This is part of our ongoing series helping consumers better understand chemicals, chemistry, and product formulations. We translate the science, bust the myths, and give you an honest assessment, so you can make informed choices for your family!
These are actually two different, but closely related, chemicals: Sodium Lauryl Sulfate (SLS) and Sodium Laureth Sulfate (SLES).
What they are:
Sodium lauryl sulfate can be made from petroleum oil (via the OXO process) or from coconut or palm oil (via the Ziegler process). In both processes, fatty acids are extracted and converted to fatty alcohols, then sulfonated to become a crystalline salt. If SLS undergoes a chemical process called “ethoxylation,” it becomes SLES.
What they do:
Both of these chemicals are used in products primarily as emulsifiers (to help keep all ingredients properly mixed up) and surfactants (to help clean and create lather). They can be found in shampoos, toothpastes, mouthwashes, body washes, soaps, detergents, and more.
Why we’re featuring them today:
For many years, SLS was the star surfactant in skincare products, despite being a known irritant. This is so well-known, in fact, that it’s commonly used in lab testing to intentionally harm skin: Following application, scientists can compare the effects of untested products against SLS or test the efficacy of products intended to heal skin.
Widespread concern over the past few years compelled many companies to look for a gentler alternative. Putting SLS through the ethoxylation process led to the creation of SLES, a milder surfactant; it also often produces 1, 4-dioxane, a toxic contaminant and likely carcinogen. Though the U.S. Food and Drug Administration recommends that companies strip out this nasty chemical, it’s not a requirement. That’s likely why independent testing conducted by the EWG found this contaminant in 46% of products tested.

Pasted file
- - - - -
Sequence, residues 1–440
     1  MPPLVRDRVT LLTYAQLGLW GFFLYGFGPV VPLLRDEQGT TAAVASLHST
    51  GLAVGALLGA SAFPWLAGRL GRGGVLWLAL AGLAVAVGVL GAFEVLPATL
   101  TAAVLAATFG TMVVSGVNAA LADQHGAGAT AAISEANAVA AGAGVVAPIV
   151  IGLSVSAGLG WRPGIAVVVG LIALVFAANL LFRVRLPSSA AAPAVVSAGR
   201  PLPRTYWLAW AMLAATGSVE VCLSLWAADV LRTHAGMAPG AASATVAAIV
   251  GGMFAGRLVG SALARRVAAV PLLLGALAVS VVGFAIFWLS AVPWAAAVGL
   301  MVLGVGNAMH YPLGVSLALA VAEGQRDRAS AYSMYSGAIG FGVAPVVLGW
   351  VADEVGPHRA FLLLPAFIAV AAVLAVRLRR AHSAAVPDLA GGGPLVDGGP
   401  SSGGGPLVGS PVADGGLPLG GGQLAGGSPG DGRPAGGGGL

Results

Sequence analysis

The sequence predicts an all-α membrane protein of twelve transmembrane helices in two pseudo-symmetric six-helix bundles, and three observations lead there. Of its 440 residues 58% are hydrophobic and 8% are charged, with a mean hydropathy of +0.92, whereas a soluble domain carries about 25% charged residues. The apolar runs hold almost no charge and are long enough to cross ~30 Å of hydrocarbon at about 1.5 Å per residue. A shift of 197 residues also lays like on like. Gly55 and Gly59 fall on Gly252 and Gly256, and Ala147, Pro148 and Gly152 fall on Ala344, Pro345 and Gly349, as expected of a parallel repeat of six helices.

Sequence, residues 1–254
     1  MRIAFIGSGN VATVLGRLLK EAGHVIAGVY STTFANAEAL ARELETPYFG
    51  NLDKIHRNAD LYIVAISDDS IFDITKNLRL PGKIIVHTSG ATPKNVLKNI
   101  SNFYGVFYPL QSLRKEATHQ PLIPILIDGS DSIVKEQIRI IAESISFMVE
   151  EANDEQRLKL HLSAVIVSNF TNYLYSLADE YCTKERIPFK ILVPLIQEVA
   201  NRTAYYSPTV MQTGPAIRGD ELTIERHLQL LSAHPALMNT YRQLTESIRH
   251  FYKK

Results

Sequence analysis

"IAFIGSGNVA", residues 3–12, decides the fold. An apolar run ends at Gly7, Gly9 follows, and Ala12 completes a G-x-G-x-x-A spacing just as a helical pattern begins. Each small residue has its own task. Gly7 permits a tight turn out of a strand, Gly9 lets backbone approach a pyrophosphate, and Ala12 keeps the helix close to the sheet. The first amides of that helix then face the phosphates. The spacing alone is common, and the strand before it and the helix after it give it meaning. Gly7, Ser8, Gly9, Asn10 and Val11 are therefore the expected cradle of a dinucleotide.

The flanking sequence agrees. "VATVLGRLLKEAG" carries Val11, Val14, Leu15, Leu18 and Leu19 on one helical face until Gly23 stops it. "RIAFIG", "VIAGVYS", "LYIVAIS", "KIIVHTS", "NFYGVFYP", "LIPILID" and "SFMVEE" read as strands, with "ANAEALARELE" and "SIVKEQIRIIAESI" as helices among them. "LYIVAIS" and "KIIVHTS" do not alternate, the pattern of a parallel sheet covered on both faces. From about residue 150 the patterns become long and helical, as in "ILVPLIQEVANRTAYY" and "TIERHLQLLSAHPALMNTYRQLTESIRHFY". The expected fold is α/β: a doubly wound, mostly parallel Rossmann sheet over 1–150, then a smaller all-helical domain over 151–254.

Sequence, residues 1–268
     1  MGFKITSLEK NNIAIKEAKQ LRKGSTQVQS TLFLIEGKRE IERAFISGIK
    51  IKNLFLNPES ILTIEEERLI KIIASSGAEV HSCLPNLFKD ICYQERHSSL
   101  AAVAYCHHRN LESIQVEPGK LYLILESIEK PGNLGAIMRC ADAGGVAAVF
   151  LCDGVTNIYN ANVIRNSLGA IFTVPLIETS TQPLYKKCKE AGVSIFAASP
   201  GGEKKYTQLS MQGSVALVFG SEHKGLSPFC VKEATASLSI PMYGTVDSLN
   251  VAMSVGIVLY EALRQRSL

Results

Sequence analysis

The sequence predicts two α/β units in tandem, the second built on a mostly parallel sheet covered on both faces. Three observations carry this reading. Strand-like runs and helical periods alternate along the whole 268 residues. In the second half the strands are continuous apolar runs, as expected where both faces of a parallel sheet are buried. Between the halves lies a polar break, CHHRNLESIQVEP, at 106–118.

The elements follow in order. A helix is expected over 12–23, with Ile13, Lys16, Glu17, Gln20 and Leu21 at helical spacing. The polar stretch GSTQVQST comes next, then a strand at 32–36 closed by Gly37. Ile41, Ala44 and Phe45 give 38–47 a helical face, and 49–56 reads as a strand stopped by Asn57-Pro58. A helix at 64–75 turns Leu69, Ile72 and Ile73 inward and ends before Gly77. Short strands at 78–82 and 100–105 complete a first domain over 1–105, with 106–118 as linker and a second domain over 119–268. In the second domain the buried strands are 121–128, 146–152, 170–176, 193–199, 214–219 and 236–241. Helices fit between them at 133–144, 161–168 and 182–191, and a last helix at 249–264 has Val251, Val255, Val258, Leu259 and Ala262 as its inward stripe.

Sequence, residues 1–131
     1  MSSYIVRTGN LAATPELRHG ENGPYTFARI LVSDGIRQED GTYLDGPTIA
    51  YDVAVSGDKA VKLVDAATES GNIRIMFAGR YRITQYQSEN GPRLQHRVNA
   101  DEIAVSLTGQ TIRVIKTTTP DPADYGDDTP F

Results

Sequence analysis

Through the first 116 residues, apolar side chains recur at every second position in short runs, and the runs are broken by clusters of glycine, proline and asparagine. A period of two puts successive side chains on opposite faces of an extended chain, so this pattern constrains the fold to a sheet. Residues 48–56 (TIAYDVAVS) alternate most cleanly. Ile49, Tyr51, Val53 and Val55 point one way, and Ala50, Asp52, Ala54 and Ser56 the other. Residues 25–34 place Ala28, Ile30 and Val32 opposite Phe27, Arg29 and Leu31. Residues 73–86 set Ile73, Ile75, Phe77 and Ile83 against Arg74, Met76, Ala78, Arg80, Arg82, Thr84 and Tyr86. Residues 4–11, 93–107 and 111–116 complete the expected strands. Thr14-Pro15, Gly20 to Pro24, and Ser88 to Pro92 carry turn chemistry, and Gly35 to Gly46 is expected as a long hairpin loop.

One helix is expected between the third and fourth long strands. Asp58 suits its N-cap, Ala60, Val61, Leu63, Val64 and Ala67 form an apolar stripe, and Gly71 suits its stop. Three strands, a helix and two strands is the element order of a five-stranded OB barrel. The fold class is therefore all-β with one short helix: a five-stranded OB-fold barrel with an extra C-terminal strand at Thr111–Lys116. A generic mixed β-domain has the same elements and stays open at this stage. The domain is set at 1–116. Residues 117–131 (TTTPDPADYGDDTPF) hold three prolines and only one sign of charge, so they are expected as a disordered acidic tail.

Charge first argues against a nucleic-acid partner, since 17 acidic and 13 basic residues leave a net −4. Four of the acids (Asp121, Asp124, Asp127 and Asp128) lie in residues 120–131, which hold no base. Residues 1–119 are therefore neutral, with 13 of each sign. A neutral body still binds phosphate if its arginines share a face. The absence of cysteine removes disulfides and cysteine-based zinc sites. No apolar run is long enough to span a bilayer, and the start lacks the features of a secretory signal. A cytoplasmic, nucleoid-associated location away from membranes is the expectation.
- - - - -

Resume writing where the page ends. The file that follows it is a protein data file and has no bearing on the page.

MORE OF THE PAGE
SLS and SLES are both included in our Honestly Free Guarantee which means we’ll never use them. We’ve switched over to sodium coco sulfate (SCS), which is a gentler alternative always derived from coconut.
Want your home to be Honestly Free of SLS & SLES?
It’s as simple as reading your ingredients labels. Avoid anything that lists the following: SLS, SLES, sodium lauryl sulfate, sodium dodecyl sulfate, sodium laureth sulfate, or sodium lauryl ether sulfate. (There are actually even more names for these two ingredients, but the ones above are most commonly used in the marketplace.)
Be aware: Many brands that claim to be “natural,” “green,” or “eco-friendly” still use these ingredients, so read carefully! If it’s a company you love, ask them to use a safer alternative. Together, we can make it better...
- Campaign for Safe Cosmetics : Contaminants in Bath Products. (n.d.). Retrieved October 15, 2014, from http://safecosmetics.org/article.php?id=221
- Geier, J., Uter, W., Pirker, C., & Frosch, P. J. (2003, 12). Patch testing with the irritant sodium lauryl sulfate (SLS) is useful in interpreting weak reactions to contact allergens as allergic or irritant. Contact Dermatitis,48(2), 99-107. doi: 10.1034/j.1600-0536.2003.480209.x
- Loffler, H. et al. Pitfalls of irritant patch testing using different test chamber sizes. American Journal of Contact Dermatitis. March 2001, pages 28–32.
We aim to provide you with the most honest and credible information possible. This article was reviewed for accuracy by The Honest Team and was written based on trusted sources that are linked at the bottom of the article.blog_review_statement